Here's five takeaways from Redskins defensive coordinator Joe Barry's Nov. 19, 2015, press conference at Redskins Park in Loudoun County, Va.
1. As they look for ways to get DeAngelo Hall on the field, the Redskins feel safety has become an option for the 12-year veteran.
It's a luxury not every team has.
Not only do the Redskins have all of their defensive backs on the roster fully health or close to it, but they have very talented players that can play both outside cornerback spots, the nickel and both safety positions.
Although Hall, who turned 32 years old on Thursday, has spent his entire career at cornerback, the team is experimenting with him at safety while still working him at the position he's been at for his entire career.
"D-Hall, obviously the skillset, he's still playing at a high level… It's not like he's exclusively a safety. He's still going to play corner," Barry said. "But just, it's good to have healthy bodies and get more guys out on the field and he was great with it. He was excited with it."
Barry said they discussed working at safety during the Bye Week and Hall's continued to do so over the last three weeks.
"Those first couple of weeks when he came back just practicing, he got a bunch of work with the look squad for our offense playing safety, because you spend 12 years playing one position then all of a sudden you go another position, it's a different world," Barry said. "He embraced it with open arms and is doing a great job."
2. The run defense still wasn't sound with their tackling against the Saints, but they're finding ways within the rules to right their struggles.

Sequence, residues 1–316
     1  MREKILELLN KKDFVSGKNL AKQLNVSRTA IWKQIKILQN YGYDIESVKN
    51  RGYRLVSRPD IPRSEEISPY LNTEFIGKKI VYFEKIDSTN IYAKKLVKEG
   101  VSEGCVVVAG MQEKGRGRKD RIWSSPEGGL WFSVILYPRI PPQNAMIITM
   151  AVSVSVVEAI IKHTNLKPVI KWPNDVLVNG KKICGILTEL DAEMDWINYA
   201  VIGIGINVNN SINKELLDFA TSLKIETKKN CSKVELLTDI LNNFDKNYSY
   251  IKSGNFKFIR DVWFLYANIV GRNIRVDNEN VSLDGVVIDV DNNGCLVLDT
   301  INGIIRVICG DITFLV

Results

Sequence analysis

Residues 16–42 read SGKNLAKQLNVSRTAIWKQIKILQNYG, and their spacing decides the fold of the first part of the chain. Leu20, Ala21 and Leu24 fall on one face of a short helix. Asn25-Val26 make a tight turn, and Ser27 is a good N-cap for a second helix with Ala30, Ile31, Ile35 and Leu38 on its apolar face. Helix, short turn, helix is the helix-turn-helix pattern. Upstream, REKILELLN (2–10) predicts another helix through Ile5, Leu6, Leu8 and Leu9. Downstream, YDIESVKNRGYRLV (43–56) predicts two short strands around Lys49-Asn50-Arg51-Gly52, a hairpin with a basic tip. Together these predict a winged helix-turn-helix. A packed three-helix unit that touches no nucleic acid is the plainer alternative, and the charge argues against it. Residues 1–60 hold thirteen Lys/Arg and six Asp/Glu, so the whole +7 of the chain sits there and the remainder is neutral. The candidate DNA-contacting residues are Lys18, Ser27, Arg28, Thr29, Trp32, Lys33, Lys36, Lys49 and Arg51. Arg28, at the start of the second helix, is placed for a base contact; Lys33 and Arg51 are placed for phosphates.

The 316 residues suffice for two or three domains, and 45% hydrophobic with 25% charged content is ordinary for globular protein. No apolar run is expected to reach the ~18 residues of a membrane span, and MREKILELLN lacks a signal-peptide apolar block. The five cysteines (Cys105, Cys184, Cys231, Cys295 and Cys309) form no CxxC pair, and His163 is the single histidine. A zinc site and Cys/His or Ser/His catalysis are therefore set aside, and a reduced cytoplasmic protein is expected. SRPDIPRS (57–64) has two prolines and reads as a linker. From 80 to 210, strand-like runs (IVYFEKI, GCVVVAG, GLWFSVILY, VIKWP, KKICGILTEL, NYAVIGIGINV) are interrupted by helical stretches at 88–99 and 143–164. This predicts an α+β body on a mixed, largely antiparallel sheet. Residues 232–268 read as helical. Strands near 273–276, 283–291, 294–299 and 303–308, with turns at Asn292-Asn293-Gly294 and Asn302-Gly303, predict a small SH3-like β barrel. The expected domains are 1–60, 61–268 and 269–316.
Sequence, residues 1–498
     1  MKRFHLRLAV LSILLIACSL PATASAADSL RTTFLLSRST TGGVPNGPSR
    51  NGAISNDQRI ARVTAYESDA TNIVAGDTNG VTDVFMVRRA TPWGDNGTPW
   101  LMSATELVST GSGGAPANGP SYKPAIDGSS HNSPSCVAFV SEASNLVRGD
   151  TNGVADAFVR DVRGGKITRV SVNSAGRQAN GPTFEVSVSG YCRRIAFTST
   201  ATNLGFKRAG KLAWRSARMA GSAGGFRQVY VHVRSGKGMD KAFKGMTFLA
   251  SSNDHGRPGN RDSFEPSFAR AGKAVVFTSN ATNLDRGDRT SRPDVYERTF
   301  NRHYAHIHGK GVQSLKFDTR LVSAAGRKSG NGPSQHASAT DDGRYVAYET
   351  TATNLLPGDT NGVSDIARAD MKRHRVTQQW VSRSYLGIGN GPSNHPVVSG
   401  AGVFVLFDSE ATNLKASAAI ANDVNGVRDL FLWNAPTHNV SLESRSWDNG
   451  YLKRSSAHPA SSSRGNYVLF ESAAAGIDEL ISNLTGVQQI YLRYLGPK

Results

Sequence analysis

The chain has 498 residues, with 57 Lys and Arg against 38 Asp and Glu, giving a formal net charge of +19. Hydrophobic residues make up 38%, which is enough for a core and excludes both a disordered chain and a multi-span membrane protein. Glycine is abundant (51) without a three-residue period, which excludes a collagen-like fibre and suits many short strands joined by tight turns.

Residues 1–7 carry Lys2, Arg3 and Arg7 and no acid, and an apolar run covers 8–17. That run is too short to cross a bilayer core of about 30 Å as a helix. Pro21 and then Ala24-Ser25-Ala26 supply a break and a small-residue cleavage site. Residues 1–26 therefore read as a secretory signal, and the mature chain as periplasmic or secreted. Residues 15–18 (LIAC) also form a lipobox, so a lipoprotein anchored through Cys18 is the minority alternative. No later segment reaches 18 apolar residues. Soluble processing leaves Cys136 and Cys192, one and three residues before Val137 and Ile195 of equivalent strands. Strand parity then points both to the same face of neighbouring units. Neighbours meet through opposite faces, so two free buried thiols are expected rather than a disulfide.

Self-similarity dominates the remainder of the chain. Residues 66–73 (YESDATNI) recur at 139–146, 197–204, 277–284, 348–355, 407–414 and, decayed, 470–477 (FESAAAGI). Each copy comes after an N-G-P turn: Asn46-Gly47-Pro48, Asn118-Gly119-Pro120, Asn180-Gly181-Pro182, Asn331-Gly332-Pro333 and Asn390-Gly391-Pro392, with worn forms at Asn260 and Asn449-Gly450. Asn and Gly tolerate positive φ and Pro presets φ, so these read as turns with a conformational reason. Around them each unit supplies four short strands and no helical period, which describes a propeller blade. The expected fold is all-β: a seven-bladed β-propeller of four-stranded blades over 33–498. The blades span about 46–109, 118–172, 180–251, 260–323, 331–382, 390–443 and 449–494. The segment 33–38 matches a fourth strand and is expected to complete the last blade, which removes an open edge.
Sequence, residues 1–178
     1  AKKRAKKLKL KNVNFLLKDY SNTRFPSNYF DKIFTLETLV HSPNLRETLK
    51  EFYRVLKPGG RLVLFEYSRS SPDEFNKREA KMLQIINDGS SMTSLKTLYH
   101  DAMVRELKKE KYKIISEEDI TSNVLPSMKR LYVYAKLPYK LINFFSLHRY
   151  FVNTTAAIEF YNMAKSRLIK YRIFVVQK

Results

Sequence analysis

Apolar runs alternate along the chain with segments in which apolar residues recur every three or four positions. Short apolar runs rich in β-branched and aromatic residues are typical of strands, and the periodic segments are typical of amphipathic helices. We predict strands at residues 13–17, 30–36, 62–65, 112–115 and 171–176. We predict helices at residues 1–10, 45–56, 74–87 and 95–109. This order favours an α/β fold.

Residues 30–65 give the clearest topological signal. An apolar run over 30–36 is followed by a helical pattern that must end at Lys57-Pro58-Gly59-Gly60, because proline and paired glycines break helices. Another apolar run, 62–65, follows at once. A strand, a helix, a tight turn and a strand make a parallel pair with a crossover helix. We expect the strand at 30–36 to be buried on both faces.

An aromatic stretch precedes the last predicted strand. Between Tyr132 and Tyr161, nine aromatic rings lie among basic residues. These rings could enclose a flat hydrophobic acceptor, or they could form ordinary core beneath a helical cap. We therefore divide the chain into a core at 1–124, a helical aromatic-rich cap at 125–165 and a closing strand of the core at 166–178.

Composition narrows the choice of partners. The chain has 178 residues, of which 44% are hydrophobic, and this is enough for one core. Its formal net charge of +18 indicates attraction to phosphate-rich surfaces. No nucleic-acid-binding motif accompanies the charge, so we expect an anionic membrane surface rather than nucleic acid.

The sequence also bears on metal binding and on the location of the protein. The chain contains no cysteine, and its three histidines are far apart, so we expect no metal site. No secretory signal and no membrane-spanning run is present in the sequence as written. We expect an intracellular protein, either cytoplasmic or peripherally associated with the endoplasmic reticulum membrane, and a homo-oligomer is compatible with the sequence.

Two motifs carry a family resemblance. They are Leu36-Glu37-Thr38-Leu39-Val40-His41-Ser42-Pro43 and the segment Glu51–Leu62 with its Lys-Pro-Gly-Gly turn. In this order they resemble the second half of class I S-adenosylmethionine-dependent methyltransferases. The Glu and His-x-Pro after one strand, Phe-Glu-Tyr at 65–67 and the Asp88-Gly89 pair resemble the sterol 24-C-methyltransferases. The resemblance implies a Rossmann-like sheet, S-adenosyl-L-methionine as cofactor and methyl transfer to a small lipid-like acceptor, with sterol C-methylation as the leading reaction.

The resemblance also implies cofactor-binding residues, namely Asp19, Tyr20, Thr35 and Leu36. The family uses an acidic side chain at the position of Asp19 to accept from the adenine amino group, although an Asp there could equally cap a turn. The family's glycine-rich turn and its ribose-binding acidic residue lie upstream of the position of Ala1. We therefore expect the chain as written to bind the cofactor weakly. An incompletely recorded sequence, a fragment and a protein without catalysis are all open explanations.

Barry was up front with his disappointment in the defense's recent performances against the run, saying it "gets old after a while" talking about some of their mistakes, particularly with tackling, against opposing running backs.
It continued against the Saints, as New Orleans' Mark Ingram took it 70 yards on his first carry of the game.
Had it not been for Will Blackmon making a tackle downfield, the former Heisman Trophy winner would have taken it for a 75-yard touchdown.
Barry said the team has once again addressed the issue. They're also working within league guidelines to get better with their tackling during the week.
"I think — it's obviously — it's addressed every week, it's preached every week — talking about the tackling. As much as we do from a physical standpoint on Wednesday — that's our most physical day," Barry said. "We try to tackle. We try to simulate tackles at least. You can't do any live tackling. We've just got to keep preaching it and talking about it."
Those types of runs can crush a defense. And against a Panthers offense that filters its production through the run game, they need to be sharper.
"You can't continue to give up explosion runs because of missed tackles," Barry said. "We preach it. The players, obviously, are aware of it and they're working on it with our angles, with our leverage — all the things that you can preach and teach in practice — without doing it physically."
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3. The Panthers' offensive scheme, predicated on power and physicality, is a unique challenge the defense needs to plan for.
Cam Newton is symbolic of the Panthers' offense.
Big, tough and physical.
That starts with the run game, which features Newton along with running backs Jonathan Stewart and Mike Tolbert.